NMDA and non-NMDA receptor-mediated excitotoxicity are potentiated in cultured striatal neurons by prior chronic depolarization

Quan Chen*, D. James Surmeier, Anton Reiner

*Corresponding author for this work

Research output: Contribution to journalArticlepeer-review

34 Scopus citations

Abstract

The excitatory input from cortex and/or thalamus to striatum appears to promote the maturation of glutamate receptors on striatal neurons, but the mechanisms by which it does so have been uncertain. To explore the possibility that the excitatory input to striatum might influence glutamate receptor maturation on striatal neurons, at least in part, by its depolarizing effect on striatal neurons, we examined the influence of chronic KCl depolarization on the development of glutamate receptor-mediated excitotoxic vulnerability and glutamate receptors in cultured striatal neurons. Dissociated striatal neurons from E17 rat embryos were cultured for 2 weeks in Barrett's medium containing either low (3 mM) or high (25 mM) KCl. The vulnerability of these neurons to NMDA receptor agonists (NMDA and quinolinic acid), non-NMDA receptor agonists (AMPA and KA), and a metabotropic glutamate receptor agonist (trans-ACPD) was examined by monitoring cell loss 24 h after a 1-h agonist exposure. We found that high- KCl rearing potentiated the cell loss observed with 500 μM NMDA or 250 μM KA and yielded cell loss with 250 μM AMPA that was not evident under low KCl rearing. In contrast, neither QA up to 5 mM nor trans-ACPD had a significant toxic effect in either KCl group. ELISA revealed that chronic high KCl doubled the abundance of NMDA NR2A/B, AMPA GluR2/3, and KA GluR5-7 receptor subunits on cultured striatal neurons and more than doubled AMPA GluR1 and GluR4 subunits, but had no effect on NMDA NR1 subunit levels. These receptor changes may contribute to the potentiation of NMDA and non-NMDA receptor- mediated excitotoxicity shown by these neurons following chronic high-KCl rearing. Our studies suggest that membrane depolarization produced by corticostriatal and/or thalamostriatal innervation may be required for maturation of glutamate receptors on striatal neurons, and such maturation may be important for expression of NMDA and non-NMDA receptor-mediated excitotoxicity by striatal neurons. Striatal cultures raised under chronically depolarized conditions may, thus, provide a more appropriate culture model to study the role of NMDA or non-NMDA receptor subtypes in excitotoxicity in striatum.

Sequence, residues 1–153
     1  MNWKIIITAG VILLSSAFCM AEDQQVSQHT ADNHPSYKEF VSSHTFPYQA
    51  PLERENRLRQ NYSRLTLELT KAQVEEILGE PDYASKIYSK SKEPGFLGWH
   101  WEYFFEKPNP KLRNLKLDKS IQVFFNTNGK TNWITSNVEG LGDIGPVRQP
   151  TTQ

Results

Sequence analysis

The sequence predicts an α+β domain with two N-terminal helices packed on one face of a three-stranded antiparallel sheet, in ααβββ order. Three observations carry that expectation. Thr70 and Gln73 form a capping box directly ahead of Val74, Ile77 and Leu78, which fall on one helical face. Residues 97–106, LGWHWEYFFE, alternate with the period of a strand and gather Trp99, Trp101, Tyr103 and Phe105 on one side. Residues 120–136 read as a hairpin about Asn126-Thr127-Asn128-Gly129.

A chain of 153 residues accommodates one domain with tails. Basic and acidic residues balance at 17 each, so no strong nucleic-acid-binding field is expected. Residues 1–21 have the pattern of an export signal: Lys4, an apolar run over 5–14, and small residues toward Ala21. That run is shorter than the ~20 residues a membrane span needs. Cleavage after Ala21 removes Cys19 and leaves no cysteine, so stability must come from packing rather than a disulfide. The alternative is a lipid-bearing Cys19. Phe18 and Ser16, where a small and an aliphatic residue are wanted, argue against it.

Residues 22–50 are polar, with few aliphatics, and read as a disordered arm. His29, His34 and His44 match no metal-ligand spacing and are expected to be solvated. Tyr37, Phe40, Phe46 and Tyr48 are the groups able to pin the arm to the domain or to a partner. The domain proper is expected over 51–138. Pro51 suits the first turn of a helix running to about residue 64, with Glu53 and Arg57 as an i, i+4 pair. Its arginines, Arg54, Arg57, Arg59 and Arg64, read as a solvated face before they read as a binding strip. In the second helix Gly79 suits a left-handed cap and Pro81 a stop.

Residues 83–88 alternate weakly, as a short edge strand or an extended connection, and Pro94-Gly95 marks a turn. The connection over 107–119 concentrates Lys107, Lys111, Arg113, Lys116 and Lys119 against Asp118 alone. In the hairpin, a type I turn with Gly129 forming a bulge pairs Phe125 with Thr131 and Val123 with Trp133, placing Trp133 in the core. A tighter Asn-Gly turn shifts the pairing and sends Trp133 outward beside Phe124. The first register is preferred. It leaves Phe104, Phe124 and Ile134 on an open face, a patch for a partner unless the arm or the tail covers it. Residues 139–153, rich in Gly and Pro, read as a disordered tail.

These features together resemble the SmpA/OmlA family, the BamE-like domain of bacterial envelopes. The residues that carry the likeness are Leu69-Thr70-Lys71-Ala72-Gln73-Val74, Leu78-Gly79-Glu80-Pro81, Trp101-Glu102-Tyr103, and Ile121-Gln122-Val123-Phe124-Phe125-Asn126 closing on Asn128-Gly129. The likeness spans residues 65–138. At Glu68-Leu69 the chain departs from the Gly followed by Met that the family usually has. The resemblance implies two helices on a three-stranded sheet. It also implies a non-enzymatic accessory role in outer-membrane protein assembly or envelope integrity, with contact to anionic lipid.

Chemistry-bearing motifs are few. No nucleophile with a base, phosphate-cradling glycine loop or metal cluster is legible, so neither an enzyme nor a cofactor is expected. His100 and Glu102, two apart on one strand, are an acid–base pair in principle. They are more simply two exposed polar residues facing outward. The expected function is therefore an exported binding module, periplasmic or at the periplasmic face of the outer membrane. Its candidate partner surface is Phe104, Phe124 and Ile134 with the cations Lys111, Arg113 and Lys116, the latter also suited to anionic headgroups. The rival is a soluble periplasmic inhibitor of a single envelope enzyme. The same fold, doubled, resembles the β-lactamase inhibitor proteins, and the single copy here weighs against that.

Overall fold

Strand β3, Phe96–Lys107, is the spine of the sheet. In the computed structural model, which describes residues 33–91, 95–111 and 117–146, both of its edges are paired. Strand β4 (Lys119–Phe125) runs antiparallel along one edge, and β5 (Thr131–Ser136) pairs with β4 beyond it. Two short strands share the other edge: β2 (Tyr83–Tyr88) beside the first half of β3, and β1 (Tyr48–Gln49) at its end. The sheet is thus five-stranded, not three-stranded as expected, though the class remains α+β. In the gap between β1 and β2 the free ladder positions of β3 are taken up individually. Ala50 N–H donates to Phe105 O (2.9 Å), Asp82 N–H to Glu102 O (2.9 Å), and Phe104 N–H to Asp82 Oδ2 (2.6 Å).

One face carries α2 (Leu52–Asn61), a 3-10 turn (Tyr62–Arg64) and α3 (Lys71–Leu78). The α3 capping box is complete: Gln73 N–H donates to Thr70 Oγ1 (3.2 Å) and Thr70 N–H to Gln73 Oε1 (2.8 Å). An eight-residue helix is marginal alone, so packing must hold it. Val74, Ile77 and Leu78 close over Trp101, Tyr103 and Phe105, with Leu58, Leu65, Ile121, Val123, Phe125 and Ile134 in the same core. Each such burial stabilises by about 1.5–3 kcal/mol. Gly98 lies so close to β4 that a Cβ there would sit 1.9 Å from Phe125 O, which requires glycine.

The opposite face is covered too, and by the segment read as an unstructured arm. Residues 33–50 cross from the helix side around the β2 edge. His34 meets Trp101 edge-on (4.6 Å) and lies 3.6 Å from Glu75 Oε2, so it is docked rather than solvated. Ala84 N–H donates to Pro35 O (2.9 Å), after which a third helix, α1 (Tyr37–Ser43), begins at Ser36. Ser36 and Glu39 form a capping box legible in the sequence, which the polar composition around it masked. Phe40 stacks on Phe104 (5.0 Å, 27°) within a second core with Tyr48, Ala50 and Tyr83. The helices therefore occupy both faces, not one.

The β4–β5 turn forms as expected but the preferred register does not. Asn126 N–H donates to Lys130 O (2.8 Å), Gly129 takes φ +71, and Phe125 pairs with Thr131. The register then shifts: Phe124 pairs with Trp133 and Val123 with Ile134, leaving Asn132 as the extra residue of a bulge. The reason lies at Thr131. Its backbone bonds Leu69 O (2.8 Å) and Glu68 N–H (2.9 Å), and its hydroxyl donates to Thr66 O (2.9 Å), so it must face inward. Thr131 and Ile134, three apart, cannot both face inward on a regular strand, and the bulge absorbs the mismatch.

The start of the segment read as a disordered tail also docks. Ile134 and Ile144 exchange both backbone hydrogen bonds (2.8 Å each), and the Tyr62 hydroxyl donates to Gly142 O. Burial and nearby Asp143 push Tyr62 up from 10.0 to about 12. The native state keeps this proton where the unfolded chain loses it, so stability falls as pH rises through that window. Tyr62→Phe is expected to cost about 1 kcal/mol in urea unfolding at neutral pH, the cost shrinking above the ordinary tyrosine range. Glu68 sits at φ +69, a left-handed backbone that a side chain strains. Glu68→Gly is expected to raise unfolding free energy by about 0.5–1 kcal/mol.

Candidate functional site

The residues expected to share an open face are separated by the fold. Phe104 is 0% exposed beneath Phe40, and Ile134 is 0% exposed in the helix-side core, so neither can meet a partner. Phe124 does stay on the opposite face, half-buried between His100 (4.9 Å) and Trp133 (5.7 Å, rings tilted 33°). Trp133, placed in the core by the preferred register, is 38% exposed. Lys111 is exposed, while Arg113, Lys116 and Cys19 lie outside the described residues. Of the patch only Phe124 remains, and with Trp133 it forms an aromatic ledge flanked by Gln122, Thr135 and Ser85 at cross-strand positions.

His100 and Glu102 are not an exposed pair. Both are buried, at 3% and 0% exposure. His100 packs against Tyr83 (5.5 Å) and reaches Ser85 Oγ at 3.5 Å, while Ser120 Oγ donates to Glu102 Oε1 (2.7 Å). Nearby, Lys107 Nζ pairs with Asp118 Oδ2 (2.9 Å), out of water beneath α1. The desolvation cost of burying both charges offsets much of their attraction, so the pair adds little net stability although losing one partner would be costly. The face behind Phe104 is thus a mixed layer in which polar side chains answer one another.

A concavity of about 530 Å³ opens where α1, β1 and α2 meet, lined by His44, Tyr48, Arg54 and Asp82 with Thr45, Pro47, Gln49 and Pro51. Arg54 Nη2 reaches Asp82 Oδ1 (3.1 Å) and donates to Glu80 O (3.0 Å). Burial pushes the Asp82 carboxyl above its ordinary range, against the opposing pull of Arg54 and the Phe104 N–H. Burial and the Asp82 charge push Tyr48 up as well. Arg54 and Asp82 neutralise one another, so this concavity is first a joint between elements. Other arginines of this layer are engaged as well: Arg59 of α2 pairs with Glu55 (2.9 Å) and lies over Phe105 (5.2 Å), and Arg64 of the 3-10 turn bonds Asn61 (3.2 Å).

Original languageEnglish (US)
Pages (from-to)283-296
Number of pages14
JournalExperimental Neurology
Volume159
Issue number1
DOIs
StatePublished - Sep 1999

Keywords

  • Basal ganglia
  • Chronic depolarization
  • Excitotoxicity
  • NMDA receptors
  • Neurodegenerative disease
  • Non-NMDA receptors
  • Striatum

ASJC Scopus subject areas

  • Neurology
  • Developmental Neuroscience

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